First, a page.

Year End Report 2018: A Look Back at Art Projects Creative Capital Helped Bring into the World

In 2018, Creative Capital helped artists premiere 16 projects throughout the US and across the globe. Our support doesn’t end with the premiere of the work. Artists use Creative Capital funding to do things like adapt their projects after initial screenings, respond to new venues and mediums, and translate their books to promote them in other countries.

Below we take a look at the projects that premiered this past year. These accomplishments are possible thanks to support from a robust community of art lovers and enthusiasts—join our Creative Capital Community Fund by making a donation, and ensure future projects like this are possible!



Jim Findlay
Electric Lucifer
The Kitchen
New York, New York

In this project, more than 15 years in the making, Jim Findlay revives the legacy of electronic music pioneer Bruce Haack with a rock opera starring Okwui Okpokwasili, a fellow Creative Capital Awardee, as Lucifer. “With Ms. Okpokwasili onstage,” the New York Times wrote in a review of the performance, “it’s paradise now.”

Read our interview with Jim Findlay

Jesse Bonnell
Group Therapy
Center for the Art of Performance at UCLA
Los Angeles, California

Jesse Bonnell and his theater group, Poor Dog Group, performed a metatheatrical piece that uses actual dialogue from their therapy sessions to create a work that considers the difficulties of making collaborative art. In a review, Los Angeles Times reflected, “The ensemble members… reveal the wounds of being young, gifted and avant-garde in a society that prefers its culture prepackaged.”

Read our interview with Jesse Bonnell

Heather Kravas
visions of beauty
Performance Space 122
New York, New York

Performance Space 122 opened their completely refurbished venue with Heather Kravas’s dance performance, a minimal piece created for nine dancers. “visions of beauty showed off the dimensions and potential of the new space in several ways,” said the New York Times. After premiering the work, Kravas collaborated with visual artist Victoria Haven on a catalogue inspired by the performance, entitled visions.

Read our interview with Heather Kravas

Narcissister Organ Player
Sundance Film Festival
Park City, Utah

In her most personal work to date, Narcissister created a unique hybrid performance, documentary, and animation work that tells the masked persona’s origin story. Known for her wild onstage performances, Narcissister’s first foray into film was a success after its initial screening at Sundance. It went on to play at SXSW and the prestigious Locarno Film Festival in Switzerland, and was acquired by the film distribution company Film Movement. Daily Beast wrote, “We feel the ecstasy and anguish of Narcissister as she dives headfirst into her reservoir of pain… Trust me: you’ve never seen anything like it.”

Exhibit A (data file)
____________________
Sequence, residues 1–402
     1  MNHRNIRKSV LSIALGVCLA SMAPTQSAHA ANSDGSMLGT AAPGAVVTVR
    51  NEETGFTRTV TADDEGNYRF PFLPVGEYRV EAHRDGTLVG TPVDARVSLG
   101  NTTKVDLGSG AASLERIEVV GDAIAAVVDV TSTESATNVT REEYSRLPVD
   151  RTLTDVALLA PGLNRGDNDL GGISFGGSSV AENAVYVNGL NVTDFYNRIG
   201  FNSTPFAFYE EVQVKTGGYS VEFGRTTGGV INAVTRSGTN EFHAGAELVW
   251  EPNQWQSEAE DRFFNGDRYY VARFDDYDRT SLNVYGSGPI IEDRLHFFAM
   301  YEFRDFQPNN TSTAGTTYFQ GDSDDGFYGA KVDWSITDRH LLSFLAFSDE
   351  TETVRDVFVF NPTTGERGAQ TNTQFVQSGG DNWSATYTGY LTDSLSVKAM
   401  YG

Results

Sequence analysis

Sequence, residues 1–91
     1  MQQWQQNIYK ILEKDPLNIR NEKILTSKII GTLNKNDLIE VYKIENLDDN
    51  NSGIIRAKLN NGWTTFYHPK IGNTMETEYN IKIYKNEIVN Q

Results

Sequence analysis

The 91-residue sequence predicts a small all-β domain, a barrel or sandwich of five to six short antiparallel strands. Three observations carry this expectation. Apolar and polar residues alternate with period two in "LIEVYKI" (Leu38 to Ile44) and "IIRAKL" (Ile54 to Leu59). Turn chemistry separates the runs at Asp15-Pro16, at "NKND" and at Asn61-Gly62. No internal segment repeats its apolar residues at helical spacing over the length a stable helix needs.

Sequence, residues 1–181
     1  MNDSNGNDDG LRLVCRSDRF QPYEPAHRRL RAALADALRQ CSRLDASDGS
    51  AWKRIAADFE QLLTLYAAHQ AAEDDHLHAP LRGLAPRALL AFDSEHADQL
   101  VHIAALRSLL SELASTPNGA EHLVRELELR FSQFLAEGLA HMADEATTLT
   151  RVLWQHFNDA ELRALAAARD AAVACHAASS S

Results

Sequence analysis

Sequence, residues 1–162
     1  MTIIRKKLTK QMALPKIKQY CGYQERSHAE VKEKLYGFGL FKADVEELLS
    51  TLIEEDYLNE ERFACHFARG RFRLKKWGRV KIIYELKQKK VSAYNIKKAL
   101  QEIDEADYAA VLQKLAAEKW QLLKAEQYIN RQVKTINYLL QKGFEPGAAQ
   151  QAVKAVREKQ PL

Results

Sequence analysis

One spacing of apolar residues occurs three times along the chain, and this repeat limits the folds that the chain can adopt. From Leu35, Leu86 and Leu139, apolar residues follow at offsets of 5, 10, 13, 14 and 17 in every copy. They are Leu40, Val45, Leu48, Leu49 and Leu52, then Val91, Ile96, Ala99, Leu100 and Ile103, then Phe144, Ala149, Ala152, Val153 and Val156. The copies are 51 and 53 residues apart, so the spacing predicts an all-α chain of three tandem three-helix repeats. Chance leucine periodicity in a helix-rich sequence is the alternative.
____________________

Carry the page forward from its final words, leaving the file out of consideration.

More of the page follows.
Read our interview with Narcissister

Martha Colburn
Western Wilds
Museum of Modern Art
New York, New York

For her project Western Wilds, Colburn used the story of Karl May, an 18th-century German writer—who wrote about the American west without ever having visited it—to consider her own remote upbringing and gun-worship in the Appalachians. After its premiere at MoMA, the film went on to play at many theaters in the US and abroad, including Chicago Underground Film Festival. The work was recently adapted to a live performance at Kadist in San Francisco.

Read our interview with Martha Colburn

Jesse Ball
Published by Harper-Collins

Expect to see this book on many year-end best of 2018 lists! Jesse Ball’s 8th novel tells the story of a widowed doctor facing a fatal illness on a last road trip with his son who has Down syndrome, inspired by Ball’s brother who also had Down syndrome. The book’s success in the US has been noticed abroad—Ball has used Creative Capital support to help sell the work in over ten countries. Chicago Tribune wrote, “Census is an artistic undertaking of the most sophisticated sort — richly imagined, cleverly sequenced.”

Read our interview with Jesse Ball

Sean Graney
The Aristophanesathon
Chopin Theater
Chicago, IL

Known for his marathon adaptations that revive classics, Sean Graney took every play by Aristophanes and turned them into a marathon theatrical event. The Greek dramas were meant to be viewed in all-day theater festivals, and Graney pays tribute to this through his three-act, four-hour play.